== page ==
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(Some) Benefits to Slow Living

Corrie Ten Boom once said, "If the devil cannot make us bad, he will make us busy." This quote resonates so profoundly in my soul because it's when I'm impatient (in the moment and in life) that I find myself adding more stuff to my metaphoric plate. This busyness then acts as an agent of divisiveness - disconnecting me from my Creator, myself, and from others. 

Here's the deal. If you read nothing else, know that a slower-pace helps with:

  1. Stress-relief: there is so much information on the adverse effects of stress on both our mental and physical health

  2. Our relationships with others: recall the "present" you - sitting there still, no place to immediately go, no gadgets to check, and no internal clock ticking. You can listen and be in tune. Now, consider when you are in a hurry... is that person the same?  

  3. Connectedness 

  4. Being present to the task in front of us 

  5. Appreciation of the moment 

There are more benefits, but let's start with the five above. Actually, let’s begin with a quote from Queen Winfrey:

"Slow down, because the only moment we can really live is now. Being in the present moment, if you can learn to do that, begins to change your whole life. Just staying focused on what is happening now . . . When we're truly present, we recognize that the ordinary moments are life's greatest gifts.”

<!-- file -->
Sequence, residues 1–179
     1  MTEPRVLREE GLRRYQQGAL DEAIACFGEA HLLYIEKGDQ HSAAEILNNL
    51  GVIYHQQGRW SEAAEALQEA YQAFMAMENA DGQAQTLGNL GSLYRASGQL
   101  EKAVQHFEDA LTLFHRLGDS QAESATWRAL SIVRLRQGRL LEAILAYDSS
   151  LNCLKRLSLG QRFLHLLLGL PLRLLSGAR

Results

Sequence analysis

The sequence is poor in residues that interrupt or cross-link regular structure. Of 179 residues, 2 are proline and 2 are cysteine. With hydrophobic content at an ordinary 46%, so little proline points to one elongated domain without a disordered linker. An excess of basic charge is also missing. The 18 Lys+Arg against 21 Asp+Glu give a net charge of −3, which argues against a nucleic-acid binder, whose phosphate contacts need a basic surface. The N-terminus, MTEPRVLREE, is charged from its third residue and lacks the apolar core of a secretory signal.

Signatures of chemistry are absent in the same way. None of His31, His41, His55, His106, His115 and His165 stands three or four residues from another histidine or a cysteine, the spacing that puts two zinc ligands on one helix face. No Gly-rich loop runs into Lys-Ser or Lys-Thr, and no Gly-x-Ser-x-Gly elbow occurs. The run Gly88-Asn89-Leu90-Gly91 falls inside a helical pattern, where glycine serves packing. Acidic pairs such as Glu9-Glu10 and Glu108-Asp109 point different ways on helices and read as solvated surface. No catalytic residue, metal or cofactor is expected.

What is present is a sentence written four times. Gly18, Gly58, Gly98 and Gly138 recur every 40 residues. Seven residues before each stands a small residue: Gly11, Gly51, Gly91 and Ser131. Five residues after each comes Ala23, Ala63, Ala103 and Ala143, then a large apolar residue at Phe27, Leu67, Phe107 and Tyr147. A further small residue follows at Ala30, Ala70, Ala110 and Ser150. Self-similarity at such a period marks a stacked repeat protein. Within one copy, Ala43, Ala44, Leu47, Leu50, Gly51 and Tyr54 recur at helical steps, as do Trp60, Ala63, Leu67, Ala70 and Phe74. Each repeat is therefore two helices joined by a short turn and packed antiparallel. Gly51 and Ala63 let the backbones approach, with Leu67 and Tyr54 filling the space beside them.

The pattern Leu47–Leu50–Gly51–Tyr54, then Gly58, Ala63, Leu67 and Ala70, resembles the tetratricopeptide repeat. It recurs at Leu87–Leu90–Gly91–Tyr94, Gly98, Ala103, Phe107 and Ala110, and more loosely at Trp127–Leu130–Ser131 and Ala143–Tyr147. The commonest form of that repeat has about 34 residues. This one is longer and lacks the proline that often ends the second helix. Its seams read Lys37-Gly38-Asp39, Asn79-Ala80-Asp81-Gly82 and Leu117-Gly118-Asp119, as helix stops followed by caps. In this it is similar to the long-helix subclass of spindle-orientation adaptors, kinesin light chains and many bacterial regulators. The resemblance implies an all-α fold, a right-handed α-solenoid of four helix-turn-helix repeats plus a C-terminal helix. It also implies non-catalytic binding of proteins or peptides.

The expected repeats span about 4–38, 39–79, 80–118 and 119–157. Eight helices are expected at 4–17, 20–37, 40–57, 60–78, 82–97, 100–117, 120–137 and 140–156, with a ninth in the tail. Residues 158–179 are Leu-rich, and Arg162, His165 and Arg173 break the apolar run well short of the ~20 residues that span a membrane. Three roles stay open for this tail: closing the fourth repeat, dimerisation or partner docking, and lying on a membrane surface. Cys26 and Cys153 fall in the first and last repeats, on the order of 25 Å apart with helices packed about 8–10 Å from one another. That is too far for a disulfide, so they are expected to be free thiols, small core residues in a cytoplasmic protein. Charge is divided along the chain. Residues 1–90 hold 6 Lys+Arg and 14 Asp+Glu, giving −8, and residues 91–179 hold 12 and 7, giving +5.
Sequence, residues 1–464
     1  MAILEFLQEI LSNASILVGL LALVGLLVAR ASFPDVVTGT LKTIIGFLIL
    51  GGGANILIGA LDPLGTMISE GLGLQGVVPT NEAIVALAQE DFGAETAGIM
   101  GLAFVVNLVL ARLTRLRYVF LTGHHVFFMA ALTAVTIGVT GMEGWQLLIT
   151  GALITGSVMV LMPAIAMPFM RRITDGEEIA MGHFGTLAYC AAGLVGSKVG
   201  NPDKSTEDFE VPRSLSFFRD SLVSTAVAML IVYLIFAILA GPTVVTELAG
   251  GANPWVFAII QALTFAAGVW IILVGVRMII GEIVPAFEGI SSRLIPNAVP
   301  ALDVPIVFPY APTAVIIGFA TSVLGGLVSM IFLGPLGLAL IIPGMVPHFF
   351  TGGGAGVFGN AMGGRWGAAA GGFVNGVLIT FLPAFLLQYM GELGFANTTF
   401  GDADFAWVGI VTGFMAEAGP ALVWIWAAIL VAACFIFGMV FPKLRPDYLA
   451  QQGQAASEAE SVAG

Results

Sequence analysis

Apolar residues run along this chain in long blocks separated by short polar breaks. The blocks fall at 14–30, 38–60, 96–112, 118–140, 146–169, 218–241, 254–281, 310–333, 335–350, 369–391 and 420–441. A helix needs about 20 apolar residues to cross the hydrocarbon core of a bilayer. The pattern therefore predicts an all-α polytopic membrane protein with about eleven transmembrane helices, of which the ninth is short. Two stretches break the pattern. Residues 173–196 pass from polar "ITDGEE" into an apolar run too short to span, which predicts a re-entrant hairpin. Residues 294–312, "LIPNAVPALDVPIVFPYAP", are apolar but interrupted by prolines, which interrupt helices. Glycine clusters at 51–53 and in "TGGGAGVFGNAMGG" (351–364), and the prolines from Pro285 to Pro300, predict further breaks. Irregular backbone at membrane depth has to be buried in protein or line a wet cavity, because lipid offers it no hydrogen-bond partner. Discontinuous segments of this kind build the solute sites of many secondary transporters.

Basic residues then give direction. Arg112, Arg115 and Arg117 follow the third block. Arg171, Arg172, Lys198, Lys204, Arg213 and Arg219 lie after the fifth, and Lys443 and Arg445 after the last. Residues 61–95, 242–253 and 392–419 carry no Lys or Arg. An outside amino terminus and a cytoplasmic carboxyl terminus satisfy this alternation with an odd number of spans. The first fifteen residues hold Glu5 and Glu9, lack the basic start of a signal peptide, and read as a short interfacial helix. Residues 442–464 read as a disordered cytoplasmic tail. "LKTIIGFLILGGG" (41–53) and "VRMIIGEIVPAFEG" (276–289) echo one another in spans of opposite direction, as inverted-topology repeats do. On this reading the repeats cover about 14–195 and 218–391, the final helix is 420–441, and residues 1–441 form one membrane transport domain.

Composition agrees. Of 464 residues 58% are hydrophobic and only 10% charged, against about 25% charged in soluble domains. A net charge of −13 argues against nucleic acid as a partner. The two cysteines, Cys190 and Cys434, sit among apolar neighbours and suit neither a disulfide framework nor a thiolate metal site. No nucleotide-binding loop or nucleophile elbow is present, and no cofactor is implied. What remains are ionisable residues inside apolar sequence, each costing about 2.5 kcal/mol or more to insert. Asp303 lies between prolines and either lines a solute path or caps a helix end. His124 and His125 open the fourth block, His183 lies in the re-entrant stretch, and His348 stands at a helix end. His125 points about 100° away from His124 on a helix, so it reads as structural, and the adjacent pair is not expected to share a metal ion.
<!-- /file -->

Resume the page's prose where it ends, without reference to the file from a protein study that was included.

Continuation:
Over-scheduling your day can create "hurry sickness." Hurry sickness causes stress. Stress has been linked to anxiety, depression, digestive problems, headaches, heart disease, sleep problems, weight gain, and memory and concentration impairment. There is even a link to certain cancers. But stress isn't just seen within health (mental and physical)- it's also visible in our personalities, our being. 

Studies show that our personalities are negatively affected when we are stressed. Personally, I am a monster when I feel overtired, over-hurried, and overscheduled. I am prone to outbursts, irritability, and pure bratty behavior. When I feel a tight squeeze, I move into survival mode, I am no longer able to be thoughtful, creative, caring, empathetic, or attentive.

A trip to the market is a prime example. If I'm in a rush, I cannot think about whether a product is fair-trade, organic, sustainable, the best price, or even suitable for my boys. I just grab or skip and go. The loud internal countdown is so loud that the still small voice that cares deeply about the treatment of the earth, my fellow world-citizens, farmers, my pocketbook, or even my boys' health is drowned out. Once I get in the line waiting for my groceries, I am not compassionate - I am annoyed at the gentleman, in his late 70's, in the "fast" lane returning his half-eaten carton of blackberries (he can't find the receipt). I roll my eyes and sigh when he then begins paying for his raspberries in change. I cannot see outside of my deadline and my goals.

And I know I'm not alone. In Sabbath, by Wayne Muller, he says,